Making sense of the business rates conundrum

Business RatesGeorge Osborne’s plans for business rates devolution have so far thrown up more questions than answers, says Kevin Muldoon-Smith

The chancellor’s announcement on business rate devolution at the Conservative Party Conference took many by surprise and has received considerable attention in the press over the last few weeks.

What it all means is currently difficult to fathom ahead of the impending spending review. However, what is positive is it’s given exposure to what is traditionally an esoteric issue and has opened up opportunity for debate.

The original business rate retention scheme (BRRS) gave local authorities the potential to retain 50% of business rate income and up to half any of growth in business rates revenue from new assessments added to the rating list, synonymous with construction of new employment. The remainder was returned to central government and redistributed in England in a similar way to the previous formula grant method of funding.

The chancellor’s recent announcement has extended the 50% principle to 100%. Local authorities will now be able to retain and exploit 100% of local business rates income. But what does this actually mean?

The fine print – who really benefits?
Upon closer examination the reality is that local authorities will only be able to retain growth associated with the addition of net new floorspace. Any increase in the value of existing floorspace over time (traditionally captured by the national rateable valuation exercise) will still be stripped out of business rate income. In other words, it is only possible to create business rate growth through the construction of new properties and any increase in the value of existing business stock is precluded. This means that any location that does not have the space to accommodate new construction, or does not have the underlying rental values to support new development, will be at a disadvantage. It raises questions around what type of local growth is getting the boost – economic growth, new jobs or new property development?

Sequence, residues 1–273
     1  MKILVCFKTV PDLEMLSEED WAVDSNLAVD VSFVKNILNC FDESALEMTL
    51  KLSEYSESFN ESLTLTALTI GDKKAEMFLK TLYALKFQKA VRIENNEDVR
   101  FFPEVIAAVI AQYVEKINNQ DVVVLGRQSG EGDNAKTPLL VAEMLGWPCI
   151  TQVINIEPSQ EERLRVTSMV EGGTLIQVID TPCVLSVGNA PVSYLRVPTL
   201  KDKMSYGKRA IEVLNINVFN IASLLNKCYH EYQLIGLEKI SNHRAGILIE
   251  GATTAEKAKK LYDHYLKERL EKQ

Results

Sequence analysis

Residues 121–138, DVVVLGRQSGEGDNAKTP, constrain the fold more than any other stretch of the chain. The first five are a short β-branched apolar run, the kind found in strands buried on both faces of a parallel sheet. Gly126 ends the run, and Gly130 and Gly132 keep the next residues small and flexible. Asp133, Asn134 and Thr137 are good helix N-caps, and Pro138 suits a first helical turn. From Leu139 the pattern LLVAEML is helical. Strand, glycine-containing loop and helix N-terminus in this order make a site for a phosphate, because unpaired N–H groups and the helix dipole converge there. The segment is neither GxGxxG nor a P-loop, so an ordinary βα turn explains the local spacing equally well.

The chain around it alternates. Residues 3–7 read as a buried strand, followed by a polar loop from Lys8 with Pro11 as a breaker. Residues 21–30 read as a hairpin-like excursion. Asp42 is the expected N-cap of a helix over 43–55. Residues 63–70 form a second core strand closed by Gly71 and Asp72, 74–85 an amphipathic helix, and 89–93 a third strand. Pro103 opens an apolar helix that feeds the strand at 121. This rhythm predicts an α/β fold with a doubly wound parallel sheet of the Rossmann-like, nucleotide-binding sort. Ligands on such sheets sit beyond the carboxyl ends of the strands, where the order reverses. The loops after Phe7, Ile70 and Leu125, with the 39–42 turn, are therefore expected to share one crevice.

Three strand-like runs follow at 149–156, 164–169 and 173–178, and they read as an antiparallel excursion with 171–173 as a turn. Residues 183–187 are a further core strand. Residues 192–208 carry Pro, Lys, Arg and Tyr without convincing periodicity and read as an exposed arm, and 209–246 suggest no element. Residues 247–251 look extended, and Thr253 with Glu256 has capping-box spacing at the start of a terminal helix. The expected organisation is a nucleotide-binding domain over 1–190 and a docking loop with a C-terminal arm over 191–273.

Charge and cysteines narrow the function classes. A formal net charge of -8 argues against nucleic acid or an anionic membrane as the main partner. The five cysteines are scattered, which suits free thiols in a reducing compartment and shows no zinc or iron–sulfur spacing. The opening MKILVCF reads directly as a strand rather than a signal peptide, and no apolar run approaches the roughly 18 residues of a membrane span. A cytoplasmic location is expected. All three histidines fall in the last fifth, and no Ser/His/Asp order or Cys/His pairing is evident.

The chancellor has also suggested that local authorities will now have the power to lower business rates in order to attract new businesses. This is potentially a positive development. However, it is important to note that the uniform business rate has not been abolished; it will still exist. All that has changed is the ability for local authorities to lower this rate at the local level if they so wish. It is difficult to imagine local authorities already facing budgetary pressures agreeing to further decreases in local taxation. Presumably, only those authorities with a budget surplus will have sufficient budgetary tolerance.

Freedoms and incentives
Also, will councils have the freedom to introduce business rates that vary, e.g. for different types of property, businesses and locations? Will it be possible to remove small businesses from business rate taxation altogether? The Scottish Government announced a degree of simplicity where local authorities will be able to lower the business rate against local criteria. So far, this level of detail has not been released in the English proposals.

Surprisingly, the current debate has largely ignored the issue of empty properties. Under business rate retention, the higher rate of empty property liability means local authorities are not rewarded with any additional income for attracting new businesses into vacant premises. Failure to include empty property rates in the recent announcements is a missed opportunity. If government abolished empty property rates, or if local authorities had the power to alter the rate, this would incentivise councils to promote indigenous economic growth by rewarding them for creating conditions whereby vacant space is reoccupied, rather than the current situation where they get penalised.

The current BRRS has a safety net in place for those local authorities that see a reduction in business rate income by more than 7.5%. It’s expected that this will stay in place in its current state; but as yet, this hasn’t been confirmed. Local authorities will now be able to keep all of the proceeds above their baseline position. In the current scheme this is capped and disproportionate income funds the safety net provision through a levy paid to government. Now that this levy has been abolished – and given that the original levy contribution was not enough to fund the safety net in the first place – it is unclear how the new provision, or regeneration schemes like ‘new development deal’ areas, will be funded. A mechanism is already in place to fund the existing shortfall in safety net payments through the settlement funding assessment; presumably, this mechanism could be extended, with a top slice paying for the unfunded safety net facility.